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Is it just possible that these tires just got past quality control at the factory? Or perhaps like the odd sized 26" Schwinn tires, they were made for a special application?
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Old 11-27-07, 04:35 PM   #10
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Both wire and Kevlar beads are pretty tough...on the other hand, a tire is about seven feet in diameter, and even a millimeter of stretch would make mounting easier, so maybe I haven't been paying attention.
What the hell do you ride that has tires that are 7 feet in diameter?
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Old 11-27-07, 05:22 PM   #11
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Perhaps circumference?
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Old 11-27-07, 05:37 PM   #12
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What the hell do you ride that has tires that are 7 feet in diameter?
Maybe that's the danger of pre-stretching them too much?
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Old 11-27-07, 08:18 PM   #13
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I remember reading a post a while ago that said put your tire in the dryer to warm it up. It would be slightly larger, not much, but maybe enough to make a difference.
I think one reply to that one was that don't try that trick if it's a kevlar belted tire. Some speculation that kevlar would shrink, not stretch, with heat.

My secret is to find a friend who knows the secret, and let him put the damn tire on.
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Old 11-28-07, 12:00 PM   #14
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only tubulars need to be stretched, inflated and seasoned
if the rider believes they are more supple (they are)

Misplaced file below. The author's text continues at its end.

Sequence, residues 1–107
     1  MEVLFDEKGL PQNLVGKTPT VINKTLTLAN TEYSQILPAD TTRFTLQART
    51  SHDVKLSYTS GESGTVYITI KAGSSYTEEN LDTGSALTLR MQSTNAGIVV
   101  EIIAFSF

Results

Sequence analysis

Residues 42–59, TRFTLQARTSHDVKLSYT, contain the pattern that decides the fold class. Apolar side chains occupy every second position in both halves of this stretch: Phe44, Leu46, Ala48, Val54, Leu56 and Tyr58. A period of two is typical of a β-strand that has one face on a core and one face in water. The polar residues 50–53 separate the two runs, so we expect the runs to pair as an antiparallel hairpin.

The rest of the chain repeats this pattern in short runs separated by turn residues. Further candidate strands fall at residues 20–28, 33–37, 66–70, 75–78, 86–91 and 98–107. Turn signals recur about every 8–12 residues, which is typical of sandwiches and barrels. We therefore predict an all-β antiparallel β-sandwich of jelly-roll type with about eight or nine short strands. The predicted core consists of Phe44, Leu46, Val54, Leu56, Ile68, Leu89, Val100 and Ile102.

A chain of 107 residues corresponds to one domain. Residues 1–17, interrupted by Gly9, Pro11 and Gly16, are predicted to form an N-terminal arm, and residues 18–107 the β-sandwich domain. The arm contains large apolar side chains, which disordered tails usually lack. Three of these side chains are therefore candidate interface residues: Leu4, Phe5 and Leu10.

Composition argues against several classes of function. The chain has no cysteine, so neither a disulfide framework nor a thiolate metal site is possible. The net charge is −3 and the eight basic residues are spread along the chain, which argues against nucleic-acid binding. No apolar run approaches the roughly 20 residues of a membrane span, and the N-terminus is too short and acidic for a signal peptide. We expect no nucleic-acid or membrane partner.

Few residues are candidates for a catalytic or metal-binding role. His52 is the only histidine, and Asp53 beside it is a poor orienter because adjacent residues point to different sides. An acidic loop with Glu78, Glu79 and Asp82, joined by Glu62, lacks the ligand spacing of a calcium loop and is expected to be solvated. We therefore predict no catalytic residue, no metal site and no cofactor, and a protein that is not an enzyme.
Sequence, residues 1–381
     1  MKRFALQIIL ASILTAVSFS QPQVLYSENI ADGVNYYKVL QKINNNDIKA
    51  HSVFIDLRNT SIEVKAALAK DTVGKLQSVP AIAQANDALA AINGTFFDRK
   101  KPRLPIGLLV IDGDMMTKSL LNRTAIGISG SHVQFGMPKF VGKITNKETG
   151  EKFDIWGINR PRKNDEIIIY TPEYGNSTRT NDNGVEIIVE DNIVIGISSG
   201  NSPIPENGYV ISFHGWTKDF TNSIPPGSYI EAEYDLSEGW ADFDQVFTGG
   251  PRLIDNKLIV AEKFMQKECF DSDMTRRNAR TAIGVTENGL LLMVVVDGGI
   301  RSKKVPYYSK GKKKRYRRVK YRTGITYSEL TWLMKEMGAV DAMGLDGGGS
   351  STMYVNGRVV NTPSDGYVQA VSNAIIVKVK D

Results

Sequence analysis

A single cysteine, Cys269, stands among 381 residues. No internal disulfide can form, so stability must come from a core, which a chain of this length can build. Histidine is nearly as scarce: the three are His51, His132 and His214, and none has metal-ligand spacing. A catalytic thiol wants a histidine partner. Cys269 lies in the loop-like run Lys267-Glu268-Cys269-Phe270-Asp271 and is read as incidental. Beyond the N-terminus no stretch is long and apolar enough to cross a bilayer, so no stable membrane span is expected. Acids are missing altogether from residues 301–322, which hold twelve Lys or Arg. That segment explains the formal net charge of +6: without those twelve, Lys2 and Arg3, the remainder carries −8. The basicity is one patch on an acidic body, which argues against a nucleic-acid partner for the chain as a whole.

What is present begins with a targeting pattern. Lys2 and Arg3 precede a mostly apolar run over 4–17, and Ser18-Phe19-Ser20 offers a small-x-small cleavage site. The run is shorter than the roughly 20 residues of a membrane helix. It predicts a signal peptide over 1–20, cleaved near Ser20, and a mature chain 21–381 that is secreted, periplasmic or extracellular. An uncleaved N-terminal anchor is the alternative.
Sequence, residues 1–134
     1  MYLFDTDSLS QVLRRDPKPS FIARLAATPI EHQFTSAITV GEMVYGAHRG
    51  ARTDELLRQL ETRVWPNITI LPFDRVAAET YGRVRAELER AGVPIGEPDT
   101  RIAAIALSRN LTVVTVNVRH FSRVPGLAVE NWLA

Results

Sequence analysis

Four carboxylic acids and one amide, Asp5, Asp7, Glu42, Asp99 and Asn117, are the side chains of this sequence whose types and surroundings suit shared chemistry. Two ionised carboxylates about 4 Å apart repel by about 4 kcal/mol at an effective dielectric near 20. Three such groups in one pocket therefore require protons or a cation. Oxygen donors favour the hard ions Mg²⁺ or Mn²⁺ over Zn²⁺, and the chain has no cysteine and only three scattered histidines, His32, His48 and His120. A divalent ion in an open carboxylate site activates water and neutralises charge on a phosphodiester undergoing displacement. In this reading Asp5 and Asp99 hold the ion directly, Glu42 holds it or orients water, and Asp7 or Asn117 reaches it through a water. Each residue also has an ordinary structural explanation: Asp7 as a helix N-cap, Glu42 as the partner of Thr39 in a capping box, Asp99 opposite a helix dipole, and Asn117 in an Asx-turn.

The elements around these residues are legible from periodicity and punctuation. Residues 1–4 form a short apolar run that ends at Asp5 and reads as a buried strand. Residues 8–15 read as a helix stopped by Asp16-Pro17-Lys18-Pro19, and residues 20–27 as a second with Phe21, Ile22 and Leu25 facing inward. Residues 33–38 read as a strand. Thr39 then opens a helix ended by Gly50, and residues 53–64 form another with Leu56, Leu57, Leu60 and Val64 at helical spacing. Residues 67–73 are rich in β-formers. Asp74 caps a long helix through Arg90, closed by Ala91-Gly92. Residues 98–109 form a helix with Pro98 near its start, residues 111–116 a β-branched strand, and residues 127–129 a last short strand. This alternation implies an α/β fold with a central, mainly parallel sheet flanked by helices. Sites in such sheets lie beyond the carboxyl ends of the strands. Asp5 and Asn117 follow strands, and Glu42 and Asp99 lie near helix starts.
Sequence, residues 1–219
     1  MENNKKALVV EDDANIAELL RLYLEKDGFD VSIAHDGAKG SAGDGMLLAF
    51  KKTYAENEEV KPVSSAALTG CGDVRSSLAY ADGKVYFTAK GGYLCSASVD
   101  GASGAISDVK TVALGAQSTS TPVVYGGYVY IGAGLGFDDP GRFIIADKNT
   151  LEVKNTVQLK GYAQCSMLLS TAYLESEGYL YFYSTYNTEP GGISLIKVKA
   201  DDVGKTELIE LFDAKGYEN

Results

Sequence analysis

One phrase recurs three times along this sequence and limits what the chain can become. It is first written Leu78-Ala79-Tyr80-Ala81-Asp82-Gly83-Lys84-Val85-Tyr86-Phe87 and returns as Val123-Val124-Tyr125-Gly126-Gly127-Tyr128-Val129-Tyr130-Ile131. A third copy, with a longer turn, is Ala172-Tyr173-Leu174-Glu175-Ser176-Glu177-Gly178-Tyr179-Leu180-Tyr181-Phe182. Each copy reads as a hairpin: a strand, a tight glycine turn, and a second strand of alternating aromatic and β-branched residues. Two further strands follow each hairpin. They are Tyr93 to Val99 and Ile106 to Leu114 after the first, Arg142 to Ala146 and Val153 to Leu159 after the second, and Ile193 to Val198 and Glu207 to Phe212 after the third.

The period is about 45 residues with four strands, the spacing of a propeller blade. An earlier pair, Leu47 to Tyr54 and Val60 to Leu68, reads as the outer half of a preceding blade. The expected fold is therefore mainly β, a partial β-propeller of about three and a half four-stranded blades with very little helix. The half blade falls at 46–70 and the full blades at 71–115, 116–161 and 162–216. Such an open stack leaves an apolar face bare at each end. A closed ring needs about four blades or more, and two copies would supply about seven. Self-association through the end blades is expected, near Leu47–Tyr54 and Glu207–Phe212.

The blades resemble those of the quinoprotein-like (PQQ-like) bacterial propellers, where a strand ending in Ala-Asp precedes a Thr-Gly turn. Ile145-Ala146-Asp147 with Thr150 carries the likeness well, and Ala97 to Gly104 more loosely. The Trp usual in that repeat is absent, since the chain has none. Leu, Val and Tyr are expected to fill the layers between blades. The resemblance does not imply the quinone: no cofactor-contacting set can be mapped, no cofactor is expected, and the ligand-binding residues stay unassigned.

beaded tires can benefit from being mounted then run on a drum overnight with
an electric motor to add suppleness.

a racer usually does better when the tires have brand new tread but the sidewalls have
been worked or flexed as though it has been used for a few hundred miles.

this is the .00001% advantage. in other words, it is fine if you don't it is fine if you do. YMMV
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Old 12-01-07, 10:41 PM   #15
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It may not necessarily be the tire, but the Combination of Rim and Tire. I have a set of Campagnolo Proton's and have had a GREAT Deal of difficulty with Continental GP3000's and GP4000's. It could be the way Continental does their tolerancing, how Campagnolo does their tolerancing, the shape of the wheel cross section, a wheel at the high side of its tolerance range and a tire at the low side or all of the above...
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Old 12-03-07, 01:41 PM   #16
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Have a pair of Tandem rims that are very tight. To make it worse- I use Velox tape aswell.The way I get the tyres on is that as I work the tyre on by hand- I push the tyre well down in the well of the rim. When it gets to lever time- I put pressure on the lever and once again push the tyre bead into the well. Then lever tyre over the rim. Next levering and I do it again- Pressure on and push the bead into the well. Works every time but getting the tyre off is release the tyre from the sidewall and into the well all the way down and start praying.